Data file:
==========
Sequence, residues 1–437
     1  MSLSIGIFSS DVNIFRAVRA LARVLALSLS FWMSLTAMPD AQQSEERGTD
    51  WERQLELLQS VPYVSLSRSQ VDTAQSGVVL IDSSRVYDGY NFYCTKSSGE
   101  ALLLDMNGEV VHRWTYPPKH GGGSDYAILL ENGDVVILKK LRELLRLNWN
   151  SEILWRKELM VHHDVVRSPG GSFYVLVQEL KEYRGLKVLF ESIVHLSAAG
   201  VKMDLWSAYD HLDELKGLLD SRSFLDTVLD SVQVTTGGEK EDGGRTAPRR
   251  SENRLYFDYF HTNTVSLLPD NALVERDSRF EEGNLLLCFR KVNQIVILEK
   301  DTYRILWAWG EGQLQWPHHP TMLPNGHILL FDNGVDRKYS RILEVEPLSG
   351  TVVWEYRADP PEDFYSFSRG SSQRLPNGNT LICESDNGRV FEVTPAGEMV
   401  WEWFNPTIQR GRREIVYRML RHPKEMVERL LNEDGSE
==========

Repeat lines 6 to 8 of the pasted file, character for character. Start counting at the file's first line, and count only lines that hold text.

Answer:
   201  VKMDLWSAYD HLDELKGLLD SRSFLDTVLD SVQVTTGGEK EDGGRTAPRR
   251  SENRLYFDYF HTNTVSLLPD NALVERDSRF EEGNLLLCFR KVNQIVILEK
   301  DTYRILWAWG EGQLQWPHHP TMLPNGHILL FDNGVDRKYS RILEVEPLSG